As I wrote about yesterday, I’m in Russia for the first time at the moment, and am loving it. Well, at least St. Petersburg, which is a gorgeous city. I hadn’t heard very much about it before visiting, though the things I did hear were all positive.
While the city is beautiful, one thing that makes St. Petersburg a bit different than other European cities is the service and the people watching.
Service in Russia…
I think there are pros and cons to service everywhere in the world.
In the US, people in the service industry are motivated by tips. In a restaurant they’ll typically be super attentive and efficient, though then they also try to kick you out pretty quickly, since they want to turn the table around.
In much of Europe (I know in Germany, for example), you’ll mostly be left alone, but if you flag someone down they’ll be happy to help. But you can also sit at a table for hours on end without feeling rushed.
I see merit to both approaches, and which I prefer is highly dependent on the situation.
And then there’s Russia…
The first night we had dinner at a restaurant that came highly recommended online. The food was incredible and the service impeccable (did I mention the server was painfully attractive?), but we also quickly realized that everyone eating there was from the US.
The next night we went to a restaurant also recommended online as a place visited almost exclusively by Russians. It was in more of a “local” area, a bit outside city center. Sure enough, we were the only non-Russians, and none of the servers spoke English, so we had to order by pointing at the menu.
I don’t think we saw a single person smile once, and it was 45 minutes before our drinks arrived. Making eye contact didn’t work as a way of signaling that we wanted to order something, but rather I literally had to stick my hand out as if I were hailing a taxi (simply putting a finger up while making eye contact with someone didn’t seem to do the trick).
Don’t get me wrong, I don’t think the place had bad service, but as I’ve had more and more interactions, I’ve just realized that’s how “authentic” service here works. Artificial friendliness and smiling just as a way of expressing warmth isn’t part of the way of life here. In a way I can appreciate that, because there’s no denying that service in the US can be very fake. It doesn’t feel very authentic when your server says “I’m doing great today,” and “I’ll be taking excellent care of you, and what may I have the pleasure of getting you?”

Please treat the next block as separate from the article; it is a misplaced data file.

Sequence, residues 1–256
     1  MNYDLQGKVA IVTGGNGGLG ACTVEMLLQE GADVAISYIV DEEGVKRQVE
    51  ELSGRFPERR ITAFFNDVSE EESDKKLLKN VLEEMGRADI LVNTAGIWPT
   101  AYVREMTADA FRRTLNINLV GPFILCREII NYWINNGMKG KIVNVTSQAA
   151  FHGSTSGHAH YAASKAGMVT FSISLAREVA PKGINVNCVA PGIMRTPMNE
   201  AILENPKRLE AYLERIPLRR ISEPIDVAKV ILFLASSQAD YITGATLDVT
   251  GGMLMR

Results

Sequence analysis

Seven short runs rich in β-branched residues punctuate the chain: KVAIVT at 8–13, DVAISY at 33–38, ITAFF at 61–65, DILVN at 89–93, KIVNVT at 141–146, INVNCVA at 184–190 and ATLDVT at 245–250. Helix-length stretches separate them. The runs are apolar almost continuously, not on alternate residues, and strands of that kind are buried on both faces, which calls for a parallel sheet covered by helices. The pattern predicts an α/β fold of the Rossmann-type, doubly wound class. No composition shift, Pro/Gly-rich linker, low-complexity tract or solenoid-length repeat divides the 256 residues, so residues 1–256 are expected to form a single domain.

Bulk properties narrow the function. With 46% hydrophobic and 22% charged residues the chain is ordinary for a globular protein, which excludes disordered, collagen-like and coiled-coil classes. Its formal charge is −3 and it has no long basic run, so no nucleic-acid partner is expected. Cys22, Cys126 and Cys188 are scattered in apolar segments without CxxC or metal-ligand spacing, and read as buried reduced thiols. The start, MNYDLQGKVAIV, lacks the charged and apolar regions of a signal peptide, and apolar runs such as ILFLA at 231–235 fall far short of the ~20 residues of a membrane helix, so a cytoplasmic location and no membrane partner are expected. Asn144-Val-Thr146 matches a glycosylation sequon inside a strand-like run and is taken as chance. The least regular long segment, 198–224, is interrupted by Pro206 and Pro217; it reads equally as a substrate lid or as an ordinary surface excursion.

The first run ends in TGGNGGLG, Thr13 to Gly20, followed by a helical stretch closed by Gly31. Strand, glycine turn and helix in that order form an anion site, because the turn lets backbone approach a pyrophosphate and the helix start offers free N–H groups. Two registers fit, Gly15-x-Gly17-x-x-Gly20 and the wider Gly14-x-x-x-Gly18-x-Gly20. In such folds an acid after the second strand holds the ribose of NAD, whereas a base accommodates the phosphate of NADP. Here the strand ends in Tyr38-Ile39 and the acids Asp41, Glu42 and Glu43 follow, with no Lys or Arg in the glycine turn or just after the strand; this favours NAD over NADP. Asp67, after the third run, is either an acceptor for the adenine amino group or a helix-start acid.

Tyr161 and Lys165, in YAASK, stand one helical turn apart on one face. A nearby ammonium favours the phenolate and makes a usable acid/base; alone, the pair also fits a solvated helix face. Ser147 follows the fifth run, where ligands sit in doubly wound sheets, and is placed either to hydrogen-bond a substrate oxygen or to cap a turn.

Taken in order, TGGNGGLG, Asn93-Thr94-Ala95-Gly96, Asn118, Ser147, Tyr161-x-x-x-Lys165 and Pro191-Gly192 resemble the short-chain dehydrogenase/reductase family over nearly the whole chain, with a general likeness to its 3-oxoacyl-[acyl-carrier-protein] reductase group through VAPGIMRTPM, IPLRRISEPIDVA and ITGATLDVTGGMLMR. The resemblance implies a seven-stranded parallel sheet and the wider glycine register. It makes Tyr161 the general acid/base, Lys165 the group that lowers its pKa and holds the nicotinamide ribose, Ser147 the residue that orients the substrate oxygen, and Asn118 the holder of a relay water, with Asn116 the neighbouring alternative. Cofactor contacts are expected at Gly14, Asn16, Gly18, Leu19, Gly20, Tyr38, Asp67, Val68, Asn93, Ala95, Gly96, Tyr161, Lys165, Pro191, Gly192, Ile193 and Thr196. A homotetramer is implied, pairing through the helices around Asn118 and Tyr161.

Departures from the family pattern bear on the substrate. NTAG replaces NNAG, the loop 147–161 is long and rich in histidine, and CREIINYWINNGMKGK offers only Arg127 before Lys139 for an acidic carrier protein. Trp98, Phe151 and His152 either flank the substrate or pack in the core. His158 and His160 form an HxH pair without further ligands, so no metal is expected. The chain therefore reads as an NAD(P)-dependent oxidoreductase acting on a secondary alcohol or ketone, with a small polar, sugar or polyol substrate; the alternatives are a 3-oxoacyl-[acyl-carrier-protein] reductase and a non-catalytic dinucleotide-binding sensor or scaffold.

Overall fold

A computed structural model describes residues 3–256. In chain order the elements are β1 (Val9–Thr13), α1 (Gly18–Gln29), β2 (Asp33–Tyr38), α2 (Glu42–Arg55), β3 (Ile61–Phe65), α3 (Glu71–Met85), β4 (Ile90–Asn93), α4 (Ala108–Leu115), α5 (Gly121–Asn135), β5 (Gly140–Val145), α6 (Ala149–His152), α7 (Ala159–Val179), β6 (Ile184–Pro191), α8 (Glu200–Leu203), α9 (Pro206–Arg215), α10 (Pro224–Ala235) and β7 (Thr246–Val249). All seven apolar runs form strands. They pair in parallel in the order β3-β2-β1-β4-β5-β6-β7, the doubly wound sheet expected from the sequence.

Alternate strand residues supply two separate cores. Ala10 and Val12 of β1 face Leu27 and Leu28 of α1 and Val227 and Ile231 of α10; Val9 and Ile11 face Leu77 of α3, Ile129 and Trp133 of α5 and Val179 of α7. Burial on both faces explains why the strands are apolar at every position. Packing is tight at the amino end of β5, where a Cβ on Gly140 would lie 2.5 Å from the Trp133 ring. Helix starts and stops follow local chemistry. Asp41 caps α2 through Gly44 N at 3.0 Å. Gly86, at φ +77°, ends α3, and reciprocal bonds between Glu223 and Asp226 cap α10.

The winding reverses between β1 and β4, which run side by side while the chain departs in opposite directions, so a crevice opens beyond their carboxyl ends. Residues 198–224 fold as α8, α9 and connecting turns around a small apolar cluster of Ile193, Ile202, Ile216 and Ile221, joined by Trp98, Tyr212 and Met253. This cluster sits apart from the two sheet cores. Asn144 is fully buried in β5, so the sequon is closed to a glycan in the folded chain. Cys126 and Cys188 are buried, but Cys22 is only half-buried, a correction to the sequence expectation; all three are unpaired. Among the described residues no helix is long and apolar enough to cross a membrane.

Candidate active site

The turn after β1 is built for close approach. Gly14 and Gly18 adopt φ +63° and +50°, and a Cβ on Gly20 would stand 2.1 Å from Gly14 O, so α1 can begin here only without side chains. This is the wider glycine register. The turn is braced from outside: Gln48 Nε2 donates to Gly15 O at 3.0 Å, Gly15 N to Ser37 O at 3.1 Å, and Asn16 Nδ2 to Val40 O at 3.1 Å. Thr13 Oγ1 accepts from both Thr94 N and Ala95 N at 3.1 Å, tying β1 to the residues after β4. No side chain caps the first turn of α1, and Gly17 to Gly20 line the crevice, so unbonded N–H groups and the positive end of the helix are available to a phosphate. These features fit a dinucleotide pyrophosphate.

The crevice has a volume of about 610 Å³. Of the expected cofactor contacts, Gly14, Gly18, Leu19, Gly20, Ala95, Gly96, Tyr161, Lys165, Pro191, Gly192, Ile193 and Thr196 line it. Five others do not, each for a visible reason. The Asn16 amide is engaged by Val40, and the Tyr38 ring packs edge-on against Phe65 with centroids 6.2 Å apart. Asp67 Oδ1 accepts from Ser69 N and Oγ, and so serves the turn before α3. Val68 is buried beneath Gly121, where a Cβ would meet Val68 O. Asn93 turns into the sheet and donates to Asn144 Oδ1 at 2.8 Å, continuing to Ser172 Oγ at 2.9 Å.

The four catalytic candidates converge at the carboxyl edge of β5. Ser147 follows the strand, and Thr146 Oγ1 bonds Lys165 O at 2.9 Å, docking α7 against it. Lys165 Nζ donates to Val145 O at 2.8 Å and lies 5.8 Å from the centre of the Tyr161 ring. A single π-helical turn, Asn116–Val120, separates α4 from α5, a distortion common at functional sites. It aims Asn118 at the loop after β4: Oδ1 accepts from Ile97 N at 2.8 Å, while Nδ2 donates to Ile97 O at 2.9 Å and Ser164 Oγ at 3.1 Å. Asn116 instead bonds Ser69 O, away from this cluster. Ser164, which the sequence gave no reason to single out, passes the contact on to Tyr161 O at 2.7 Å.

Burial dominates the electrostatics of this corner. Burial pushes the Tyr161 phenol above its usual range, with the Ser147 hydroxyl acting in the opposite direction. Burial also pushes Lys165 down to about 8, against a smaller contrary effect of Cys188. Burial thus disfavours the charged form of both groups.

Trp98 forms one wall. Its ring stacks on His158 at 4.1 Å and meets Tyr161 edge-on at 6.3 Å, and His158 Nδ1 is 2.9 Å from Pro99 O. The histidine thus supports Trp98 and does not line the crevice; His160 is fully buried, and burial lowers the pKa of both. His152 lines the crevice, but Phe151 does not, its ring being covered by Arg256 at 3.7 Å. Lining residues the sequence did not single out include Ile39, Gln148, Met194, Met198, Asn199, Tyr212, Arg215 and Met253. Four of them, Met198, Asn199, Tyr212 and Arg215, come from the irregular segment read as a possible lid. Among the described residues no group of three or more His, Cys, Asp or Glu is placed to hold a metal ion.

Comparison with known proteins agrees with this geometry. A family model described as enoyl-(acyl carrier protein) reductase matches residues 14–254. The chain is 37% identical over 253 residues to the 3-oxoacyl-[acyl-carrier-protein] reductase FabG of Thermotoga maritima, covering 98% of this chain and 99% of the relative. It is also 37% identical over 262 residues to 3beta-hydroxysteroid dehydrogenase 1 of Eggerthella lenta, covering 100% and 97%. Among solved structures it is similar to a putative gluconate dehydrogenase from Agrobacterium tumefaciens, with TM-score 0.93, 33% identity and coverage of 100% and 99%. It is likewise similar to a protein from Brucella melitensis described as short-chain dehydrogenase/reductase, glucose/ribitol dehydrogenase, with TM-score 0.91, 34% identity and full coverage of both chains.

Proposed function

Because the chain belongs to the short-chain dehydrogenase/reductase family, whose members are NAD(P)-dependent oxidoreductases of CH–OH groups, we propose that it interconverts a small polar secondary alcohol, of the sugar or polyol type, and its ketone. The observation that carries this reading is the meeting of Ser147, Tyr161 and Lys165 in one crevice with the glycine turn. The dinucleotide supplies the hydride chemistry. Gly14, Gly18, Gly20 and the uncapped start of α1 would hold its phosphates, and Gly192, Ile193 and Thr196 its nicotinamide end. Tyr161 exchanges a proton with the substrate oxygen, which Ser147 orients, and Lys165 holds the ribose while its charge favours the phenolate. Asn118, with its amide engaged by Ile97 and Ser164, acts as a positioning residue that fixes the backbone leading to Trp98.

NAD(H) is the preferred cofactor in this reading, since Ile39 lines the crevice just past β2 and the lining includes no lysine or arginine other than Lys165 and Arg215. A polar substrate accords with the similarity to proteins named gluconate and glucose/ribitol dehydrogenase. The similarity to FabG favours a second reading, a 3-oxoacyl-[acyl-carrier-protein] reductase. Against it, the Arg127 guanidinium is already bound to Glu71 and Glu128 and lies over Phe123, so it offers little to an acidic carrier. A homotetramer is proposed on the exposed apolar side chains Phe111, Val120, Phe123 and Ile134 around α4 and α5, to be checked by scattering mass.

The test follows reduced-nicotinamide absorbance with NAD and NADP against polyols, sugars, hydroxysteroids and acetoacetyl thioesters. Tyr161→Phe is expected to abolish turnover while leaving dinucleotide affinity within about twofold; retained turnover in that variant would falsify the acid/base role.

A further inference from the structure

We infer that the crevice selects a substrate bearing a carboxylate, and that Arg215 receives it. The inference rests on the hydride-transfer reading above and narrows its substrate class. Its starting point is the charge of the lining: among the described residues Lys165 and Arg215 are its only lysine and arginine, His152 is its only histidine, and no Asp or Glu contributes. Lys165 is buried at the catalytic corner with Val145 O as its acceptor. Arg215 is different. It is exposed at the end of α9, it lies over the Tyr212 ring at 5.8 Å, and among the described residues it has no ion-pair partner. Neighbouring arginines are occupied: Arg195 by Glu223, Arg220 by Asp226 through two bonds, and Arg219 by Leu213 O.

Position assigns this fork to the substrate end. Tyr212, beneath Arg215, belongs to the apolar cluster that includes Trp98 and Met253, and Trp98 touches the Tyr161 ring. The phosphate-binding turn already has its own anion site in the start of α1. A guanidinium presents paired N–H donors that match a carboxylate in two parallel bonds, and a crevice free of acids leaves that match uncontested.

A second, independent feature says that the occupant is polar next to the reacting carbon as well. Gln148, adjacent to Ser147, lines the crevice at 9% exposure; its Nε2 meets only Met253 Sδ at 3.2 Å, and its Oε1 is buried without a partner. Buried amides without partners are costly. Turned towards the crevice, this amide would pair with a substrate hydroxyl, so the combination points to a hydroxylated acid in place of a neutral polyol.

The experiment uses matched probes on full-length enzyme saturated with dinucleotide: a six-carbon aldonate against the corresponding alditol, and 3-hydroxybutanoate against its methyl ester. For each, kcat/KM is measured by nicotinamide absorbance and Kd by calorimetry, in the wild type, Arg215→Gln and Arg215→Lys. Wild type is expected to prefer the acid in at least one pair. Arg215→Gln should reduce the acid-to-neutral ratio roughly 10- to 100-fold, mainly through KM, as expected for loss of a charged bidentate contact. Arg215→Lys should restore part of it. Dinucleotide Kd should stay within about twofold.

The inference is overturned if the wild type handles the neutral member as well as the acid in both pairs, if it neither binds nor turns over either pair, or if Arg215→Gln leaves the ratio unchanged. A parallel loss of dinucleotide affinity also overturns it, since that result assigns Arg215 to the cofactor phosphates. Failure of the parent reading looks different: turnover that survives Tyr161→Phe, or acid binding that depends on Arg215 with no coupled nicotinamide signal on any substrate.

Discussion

Of course at some places targeted at Americans/Western Europeans, like the restaurant the first night and the W Hotel, they’ve trained their staff on this, and the service has been great even by “our” standards.
The people watching…
There’s a lot that has been incredible about St. Petersburg, but perhaps the best part has been the people watching. It doesn’t really matter where you are, there’s always something.
Let’s start at dinner last night. There were two guys having dinner across from us at what’s supposedly one of St. Petersburg’s best restaurants, and for half the dinner they were simultaneously making phone calls… on loudspeaker. Both of them.
In the other direction, the couple made out twice during the meal. We’re not talking kissing, but rather face-grabbing, grabbing of other things, etc. And these weren’t some teenagers who were briefly let out of the house, but rather 50+ year olds.
Yesterday afternoon we had some coffees in the W Hotel “living room” while working, which was also an incredible crowd.
At one table was a model, her manager, and a guy who I assume was trying to sign her, or something. Listening to him go through all her “stats” and then say she was X% under or over average in that regard was sort of depressing to hear. Then again, I guess that’s what you sign up for when you get into modeling.
Separately, a guy walked in who was built like a tank. Like he must have been 6’6″ and 280lbs, and he walked in with a girl who was maybe 5’2″, 100lbs, and a third his age. He sat down at a table, and then motioned (as if communicating with a dog) for her to sit somewhere else. The place she sat was basically across from us. He had a big meal, while she sat facing away from him. She just sat there on her phone for about an hour waiting for him to finish his meal, with her thong hanging out…
At the far end of the lounge were four Australian guys, and eventually a girl showed up. After overhearing their conversation for long enough, we realized she was actually an Emirates first class flight attendant on a layover, though she was originally from Russia. I still couldn’t figure out what their connection was…
Ultimately a city is nothing without its people, and I’m really developing a new appreciation for Russian culture. It also provides me with more perspective when I experience such service abroad. The culture doesn’t seem to value superficial warmth or friendliness, which I can’t fault them for.
I’ve had plenty of Russian people in the US service industry who I interpreted as being rude, but now I know… they’re just being Russian. Once I understood that context, I’ve actually found many people to be friendly and helpful, even if it doesn’t come in the form of artificial smiles.